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Photo: Klaus Vedfelt/Getty

While they reportedly contribute to a surge in urban traffic, the nation's two largest ride-sharing companies — Uber and Lyft — say cuts in emissions or carbon credit offsets may counterbalance the added pollution for which they are responsible.

Why it matters: Axios reported on Sunday that the ride-hailing companies appear to have produced a surge of congestion in nine major U.S. cities, citing a major new study. That potentially undermines the public image carefully nurtured by both Uber and Lyft, which market themselves as green companies.

The details: Ride-sharing services are making a play at increasing their sustainability efforts. Lyft's sustainability director Sam Arons announced in April they're offsetting emissions for all miles driven indefinitely.

"We are the first and only ride-sharing company that is carbon neutral," Arons told Axios.

  • Lyft hopes that half its rides are shared by 2020 following a recent app redesign that highlights shared rides. Currently, about 35% of Lyft's rides are shared.
  • The company anticipates that their carbon offsets will cost millions each year, but won't have accurate cost estimates until the end of the year.
    • "The amount of offsets we'll need to buy will probably go up in coming years because we'll be growing. But we'll be investing in low and zero emission vehicles to bring those costs down. We've built a financial incentive to emit less into our business model."
  • Lyft bought Motivate, the country's largest bike-share business just weeks ago.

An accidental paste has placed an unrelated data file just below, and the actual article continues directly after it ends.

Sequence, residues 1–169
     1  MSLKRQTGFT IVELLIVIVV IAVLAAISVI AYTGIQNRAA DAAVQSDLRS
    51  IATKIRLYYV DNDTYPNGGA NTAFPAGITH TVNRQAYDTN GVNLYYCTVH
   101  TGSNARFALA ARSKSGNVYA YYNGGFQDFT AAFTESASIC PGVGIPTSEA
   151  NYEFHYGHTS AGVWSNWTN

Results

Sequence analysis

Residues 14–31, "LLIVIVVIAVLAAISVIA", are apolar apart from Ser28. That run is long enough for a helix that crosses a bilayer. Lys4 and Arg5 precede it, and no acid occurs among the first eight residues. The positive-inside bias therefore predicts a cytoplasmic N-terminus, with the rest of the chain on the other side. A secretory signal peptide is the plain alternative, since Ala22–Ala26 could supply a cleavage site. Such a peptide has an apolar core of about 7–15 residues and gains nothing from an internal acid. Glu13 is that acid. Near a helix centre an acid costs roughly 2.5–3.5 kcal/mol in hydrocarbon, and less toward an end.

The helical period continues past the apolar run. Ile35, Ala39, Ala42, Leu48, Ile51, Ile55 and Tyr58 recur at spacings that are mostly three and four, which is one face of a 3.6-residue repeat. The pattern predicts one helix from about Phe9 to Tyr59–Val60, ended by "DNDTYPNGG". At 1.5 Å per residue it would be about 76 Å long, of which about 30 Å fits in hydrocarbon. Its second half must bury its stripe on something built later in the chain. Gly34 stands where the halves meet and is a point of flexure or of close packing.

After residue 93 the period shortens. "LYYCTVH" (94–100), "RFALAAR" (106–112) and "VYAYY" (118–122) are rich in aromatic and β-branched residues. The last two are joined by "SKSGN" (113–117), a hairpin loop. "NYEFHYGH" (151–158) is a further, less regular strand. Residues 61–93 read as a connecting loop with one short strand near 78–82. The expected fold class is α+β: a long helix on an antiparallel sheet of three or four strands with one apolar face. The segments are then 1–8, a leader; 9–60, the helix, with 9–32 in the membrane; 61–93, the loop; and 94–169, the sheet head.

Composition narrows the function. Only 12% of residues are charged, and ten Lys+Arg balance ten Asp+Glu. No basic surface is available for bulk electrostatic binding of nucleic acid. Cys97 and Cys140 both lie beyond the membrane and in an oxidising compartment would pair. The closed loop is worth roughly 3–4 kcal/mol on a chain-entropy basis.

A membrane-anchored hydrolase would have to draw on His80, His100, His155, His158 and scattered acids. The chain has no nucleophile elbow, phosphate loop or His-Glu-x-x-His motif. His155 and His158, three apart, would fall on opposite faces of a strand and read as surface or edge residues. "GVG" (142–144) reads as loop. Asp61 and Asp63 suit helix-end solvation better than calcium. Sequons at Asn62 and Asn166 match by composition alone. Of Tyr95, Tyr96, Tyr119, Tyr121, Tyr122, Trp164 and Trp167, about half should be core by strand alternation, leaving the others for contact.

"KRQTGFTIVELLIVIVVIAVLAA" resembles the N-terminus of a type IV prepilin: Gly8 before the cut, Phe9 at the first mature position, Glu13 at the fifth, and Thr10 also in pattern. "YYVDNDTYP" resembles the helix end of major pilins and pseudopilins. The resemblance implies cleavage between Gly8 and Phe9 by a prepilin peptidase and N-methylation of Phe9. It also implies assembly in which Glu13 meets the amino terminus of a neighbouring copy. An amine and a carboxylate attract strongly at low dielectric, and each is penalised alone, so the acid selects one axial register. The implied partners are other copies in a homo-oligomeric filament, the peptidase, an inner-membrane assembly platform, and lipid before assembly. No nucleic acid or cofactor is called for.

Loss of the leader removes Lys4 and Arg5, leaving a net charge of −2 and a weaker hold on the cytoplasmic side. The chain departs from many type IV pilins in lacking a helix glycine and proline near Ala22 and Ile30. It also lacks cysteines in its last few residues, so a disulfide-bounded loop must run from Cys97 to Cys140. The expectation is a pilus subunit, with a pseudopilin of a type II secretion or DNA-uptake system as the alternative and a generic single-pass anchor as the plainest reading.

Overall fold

Uber has not invested in offsets, but hopes that the lower fuels costs of driving a hybrid or electric vehicle motivate their drivers.

  • Uber's sustainability director Adam Gromis explained to Axios that 6% of the miles on Uber's platform were on hybrids, even though hybrid sales are stuck at 2%-3%.
  • Uber launched an EV Champions Initiative in seven cities this year that offers cash incentives to drivers with electric cars.
  • Uber operates uberGreen in some European cities, which provides electric cars at UberX fares.
  • Uber bought electric bike share company Jump in March and invested in Lime, which operates scooters and bikes that it will add to the app's platform.

What to watch: Lyft recently introduced a statement of opposition against a California bill that would require that ride-hailing fleets be 100% zero-emission vehicles by 2028. Uber says it does not support or reject the bill.

Go deeper

The separate and unequal paths in business

Illustration: Aïda Amer/Axios

When a bank turned down George Johnson for a business loan, he got creative. He returned and told the bank he needed $250 to take his wife on a vacation — and was approved. Then he invested the cash in his business, which became the first Black enterprise to trade on the American Stock Exchange.

Why it matters: The highways to success in the U.S. market economy — in entrepreneurship, corporate leadership and wealth creation — are often punctuated with roadblocks and winding detours for people of color.

GOP state legislatures move to assert control over election systems

Contractors in Phoenix in May 2021 recounting ballots as part of a 2020 general election audit requested by the Arizona State Senate. Photo: Courtney Pedroza for the Washington Post

Republican-held state legislatures have passed bills that give lawmakers more power over the vote by stripping secretaries of state of their power, asserting control over election boards and creating easier methods to overturn election results, according to the New York Times.

Why it matters: The bills, triggered by baseless claims of widespread fraud in the 2020 election, threaten to politicize traditionally non-partisan election functions by giving Republicans more control over election systems.